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Research Network: Global Re-Visions

Talk Vicissitudes of Crossing Borders Xiaoyi Nie, Bo Choy and Hanru Hou

18 Feb 2021

Join us as we explore the way in which migration between mainland China, Hong Kong and ‘the West’ across generations has been entangled with internationalism, identity politics and globalisation

  • Venue


  • Date

    Thursday 18 February 2021

  • Time


  • Free, booking required.

  • Artists

    Hou Hanru

Responding to each other and using different timestamps as points of evocation, researcher Xiaoyi Nie and artist Bo Choy will present “Vicissitudes of Crossing Borders: Temporal Experience in the Geopolitical Landscape of London, Hong Kong and Mainland China”. They will explore the way in which migration between mainland China, Hong Kong and ‘the West’ across generations has been entangled with internationalism, identity politics and globalisation, throwing questions into the concept of ‘one nation’, ‘Chineseness’ and ‘the international’.

Nie will focus on her research on project ‘Long March: A Walking Visual Display’ (China, 2002), a curatorial calling for an assembly of disparate participants in response to the international phenomenon ‘Chinese contemporary art’, while Choy will present her concept of the different “end times” that Hong Kong had experienced both before the handover and under the current ‘One Country, Two Systems’.

International art curator and critic, Hanru Hou will respond to both presentations.



Xiaoyi Nie is currently a Ph.D. candidate in Royal College of Art. Her research looks into the emergence of curating as a research and collective-mobilising instrument in project ‘Long March: A Walking Visual Display’ (2002, China), with the understanding towards the tension of identity politics and between the local and the international accumulated during the 1990s. She has been recently given the AICA-UK Emerging Art Writers Fellowship (2020-20201). Her curatorial practice includes research exhibition ‘Metamorphosis: Art Practices Now Activating Archives and Public Memories’ (co-curator, OCAT Institute, 2018), Jimei-Arles Discovery Award (curator, Xiamen, 2017), online project ‘One Reading The Views’ and ‘Itinerant Assembly’ (co-curator, Gasworks&RCA, 2017).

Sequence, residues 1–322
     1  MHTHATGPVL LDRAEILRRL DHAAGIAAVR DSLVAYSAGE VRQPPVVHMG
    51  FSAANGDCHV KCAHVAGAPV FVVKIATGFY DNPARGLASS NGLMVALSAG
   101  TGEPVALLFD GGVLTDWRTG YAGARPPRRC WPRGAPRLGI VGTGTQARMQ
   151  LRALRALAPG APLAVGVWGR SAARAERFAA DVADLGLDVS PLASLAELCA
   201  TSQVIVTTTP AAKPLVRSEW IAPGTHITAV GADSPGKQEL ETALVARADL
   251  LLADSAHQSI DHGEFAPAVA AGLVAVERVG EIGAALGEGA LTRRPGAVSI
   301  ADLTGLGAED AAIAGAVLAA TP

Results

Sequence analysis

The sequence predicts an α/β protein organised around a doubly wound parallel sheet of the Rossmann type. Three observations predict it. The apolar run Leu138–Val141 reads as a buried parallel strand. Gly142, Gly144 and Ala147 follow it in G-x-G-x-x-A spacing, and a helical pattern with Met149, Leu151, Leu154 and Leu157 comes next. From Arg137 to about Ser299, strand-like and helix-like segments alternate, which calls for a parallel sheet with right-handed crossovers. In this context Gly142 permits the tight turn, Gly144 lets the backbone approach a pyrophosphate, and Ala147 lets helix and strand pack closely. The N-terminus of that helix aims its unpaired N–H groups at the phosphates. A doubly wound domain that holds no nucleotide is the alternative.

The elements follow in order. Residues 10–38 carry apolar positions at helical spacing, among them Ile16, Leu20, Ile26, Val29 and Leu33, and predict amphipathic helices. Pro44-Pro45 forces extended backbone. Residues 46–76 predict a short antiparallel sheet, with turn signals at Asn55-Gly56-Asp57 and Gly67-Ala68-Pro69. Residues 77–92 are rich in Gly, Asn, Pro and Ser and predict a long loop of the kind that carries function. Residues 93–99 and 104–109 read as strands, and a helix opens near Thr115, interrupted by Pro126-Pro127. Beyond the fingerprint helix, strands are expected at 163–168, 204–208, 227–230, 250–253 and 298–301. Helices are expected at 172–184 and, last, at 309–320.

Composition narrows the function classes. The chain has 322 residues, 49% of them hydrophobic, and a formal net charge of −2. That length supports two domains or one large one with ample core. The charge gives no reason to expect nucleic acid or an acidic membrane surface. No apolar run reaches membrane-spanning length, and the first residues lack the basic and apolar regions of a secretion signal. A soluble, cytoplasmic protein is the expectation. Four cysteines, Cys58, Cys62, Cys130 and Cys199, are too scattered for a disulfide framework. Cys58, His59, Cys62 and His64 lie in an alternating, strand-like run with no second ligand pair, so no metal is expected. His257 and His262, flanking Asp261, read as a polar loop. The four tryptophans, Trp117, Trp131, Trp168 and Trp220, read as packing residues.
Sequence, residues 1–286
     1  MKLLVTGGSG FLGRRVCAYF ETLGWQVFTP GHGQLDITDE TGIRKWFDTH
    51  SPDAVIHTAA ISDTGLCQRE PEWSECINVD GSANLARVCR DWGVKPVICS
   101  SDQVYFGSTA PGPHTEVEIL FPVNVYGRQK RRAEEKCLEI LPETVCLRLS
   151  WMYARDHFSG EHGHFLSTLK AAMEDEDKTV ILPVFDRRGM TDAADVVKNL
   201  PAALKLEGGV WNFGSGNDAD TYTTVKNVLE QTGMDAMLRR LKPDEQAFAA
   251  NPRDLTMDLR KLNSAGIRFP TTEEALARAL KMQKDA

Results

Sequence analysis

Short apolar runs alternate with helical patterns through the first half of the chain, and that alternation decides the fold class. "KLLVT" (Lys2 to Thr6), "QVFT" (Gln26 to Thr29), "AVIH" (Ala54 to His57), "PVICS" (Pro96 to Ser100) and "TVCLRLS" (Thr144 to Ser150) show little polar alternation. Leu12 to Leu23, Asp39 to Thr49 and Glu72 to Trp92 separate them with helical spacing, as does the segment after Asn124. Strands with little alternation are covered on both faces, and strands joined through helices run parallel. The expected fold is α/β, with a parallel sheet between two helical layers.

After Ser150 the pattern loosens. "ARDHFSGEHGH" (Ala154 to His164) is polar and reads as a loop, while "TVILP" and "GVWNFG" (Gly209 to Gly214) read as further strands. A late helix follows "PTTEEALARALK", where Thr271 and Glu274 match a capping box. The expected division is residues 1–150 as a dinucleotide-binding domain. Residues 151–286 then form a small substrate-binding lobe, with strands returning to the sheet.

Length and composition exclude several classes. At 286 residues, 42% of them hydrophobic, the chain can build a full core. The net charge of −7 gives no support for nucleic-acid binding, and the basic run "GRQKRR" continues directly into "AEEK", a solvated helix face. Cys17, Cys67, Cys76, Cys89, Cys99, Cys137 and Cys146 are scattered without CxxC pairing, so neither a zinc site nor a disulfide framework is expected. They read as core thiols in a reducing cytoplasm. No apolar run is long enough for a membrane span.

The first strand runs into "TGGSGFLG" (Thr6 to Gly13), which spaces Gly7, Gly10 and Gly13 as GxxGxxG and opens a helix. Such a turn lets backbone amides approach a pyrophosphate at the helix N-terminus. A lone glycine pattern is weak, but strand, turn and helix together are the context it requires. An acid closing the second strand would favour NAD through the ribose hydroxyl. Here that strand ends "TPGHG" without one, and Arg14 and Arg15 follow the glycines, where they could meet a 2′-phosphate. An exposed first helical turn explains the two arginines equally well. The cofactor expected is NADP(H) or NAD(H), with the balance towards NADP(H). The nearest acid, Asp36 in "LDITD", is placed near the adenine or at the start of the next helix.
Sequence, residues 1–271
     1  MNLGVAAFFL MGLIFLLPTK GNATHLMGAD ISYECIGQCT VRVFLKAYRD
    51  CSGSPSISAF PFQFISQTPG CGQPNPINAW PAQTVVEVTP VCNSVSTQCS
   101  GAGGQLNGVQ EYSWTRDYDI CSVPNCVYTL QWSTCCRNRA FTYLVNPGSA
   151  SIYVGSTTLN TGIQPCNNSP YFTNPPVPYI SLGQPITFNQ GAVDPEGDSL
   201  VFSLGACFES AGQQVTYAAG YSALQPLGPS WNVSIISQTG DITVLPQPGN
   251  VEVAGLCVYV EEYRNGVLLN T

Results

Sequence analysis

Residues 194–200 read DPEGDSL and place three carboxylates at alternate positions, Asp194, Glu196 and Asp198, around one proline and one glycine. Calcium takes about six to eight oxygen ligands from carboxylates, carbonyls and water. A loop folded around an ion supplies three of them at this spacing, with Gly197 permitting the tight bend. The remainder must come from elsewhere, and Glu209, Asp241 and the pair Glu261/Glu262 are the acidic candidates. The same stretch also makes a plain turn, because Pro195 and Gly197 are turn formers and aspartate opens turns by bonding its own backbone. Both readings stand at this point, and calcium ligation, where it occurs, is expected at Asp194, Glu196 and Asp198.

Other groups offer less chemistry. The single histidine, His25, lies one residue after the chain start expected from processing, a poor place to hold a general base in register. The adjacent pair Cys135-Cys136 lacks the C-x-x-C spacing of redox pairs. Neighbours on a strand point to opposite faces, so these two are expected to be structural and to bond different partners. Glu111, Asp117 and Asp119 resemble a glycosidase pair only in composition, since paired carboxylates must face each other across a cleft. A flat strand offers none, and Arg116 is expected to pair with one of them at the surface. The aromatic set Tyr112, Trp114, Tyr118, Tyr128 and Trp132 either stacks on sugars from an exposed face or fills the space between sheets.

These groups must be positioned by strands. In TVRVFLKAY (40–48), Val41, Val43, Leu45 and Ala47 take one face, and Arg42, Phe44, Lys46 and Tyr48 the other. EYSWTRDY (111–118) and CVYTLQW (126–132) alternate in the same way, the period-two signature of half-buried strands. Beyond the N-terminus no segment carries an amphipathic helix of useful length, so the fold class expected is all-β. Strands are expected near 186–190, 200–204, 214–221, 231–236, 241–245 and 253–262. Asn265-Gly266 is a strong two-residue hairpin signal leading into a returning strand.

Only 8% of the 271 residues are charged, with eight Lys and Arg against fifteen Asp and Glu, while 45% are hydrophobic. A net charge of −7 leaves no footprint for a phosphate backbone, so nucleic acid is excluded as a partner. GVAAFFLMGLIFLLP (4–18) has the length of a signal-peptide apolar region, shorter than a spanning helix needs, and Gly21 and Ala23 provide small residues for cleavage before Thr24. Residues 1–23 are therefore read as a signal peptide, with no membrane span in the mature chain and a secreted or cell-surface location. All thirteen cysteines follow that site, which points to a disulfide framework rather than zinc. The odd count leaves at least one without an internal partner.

Bo Choy is a Hong Kong-born artist working across film, performance and sound. Recent screenings, performances and exhibitions include VII Moscow International Biennale for Young Art, Moscow Museum of Art, 2020; Kasseler DokFest 2020, Tomorrow: London, White Cube Online Exhibition, 2020;  A/WA session at Auto-Italia, London, 2018 and the 6th Thessaloniki Biennale. She is a recipient of Clare Winsten Memorial Award 2020 and Felix Slade Scholarship 2018.

Hou Hanru is an international curator, critic and prolific writer based in Paris and currently in Rome where he has been Artistic Director of MAXXI, Italy’s National Museum of 21st Century Arts, since 2013. Born in Guangzhou, China, Hou graduated from the Central Academy of Fine Arts in Beijing and moved to Paris in 1990. After 16 years working as an independent curator and critic, he moved to the US and became Director of Exhibitions and Public Programs and Chair of Exhibitions and Museum Studies at the San Francisco Art Institute, positions he held until 2012. He is also a consulting curator for New York’s Guggenheim Museum between 2015 and 2018, where he was a founding member of Guggenheim’s Asian Art Council, a curatorial think tank. During the course of his career, he has curated and co-curated more than 100 exhibitions at leading institutions and events around the world including ‘Parisien(ne)s’ (1997, INIVA, Camden Art Centre, London), ‘Cities On The Move’ (1997–2000), biennales and triennales in Venice, Shanghai, Gwangju, Guangzhou, Istanbul, Lyon, Auckland and Shenzhen, etc. Hou also consults for and advises numerous cultural institutions, serves on arts juries, lectures at international institutions, guest edits art journals and is the author of many articles and books, including On the Mid-Ground (Timezone 8, 2002), Paradigm Shifts: Water and Mcbean Galleries Exhibitions and Public Programs, San Francisco Art Institute, 2006-2011 (2011) and Curatorial Challenges: Correspondences between Hou Hanru and Hans-Ulrich Obrist (Jincheng Publishers, 2013).

Image: War of Perception, 2020. Film still. ©Bo Choy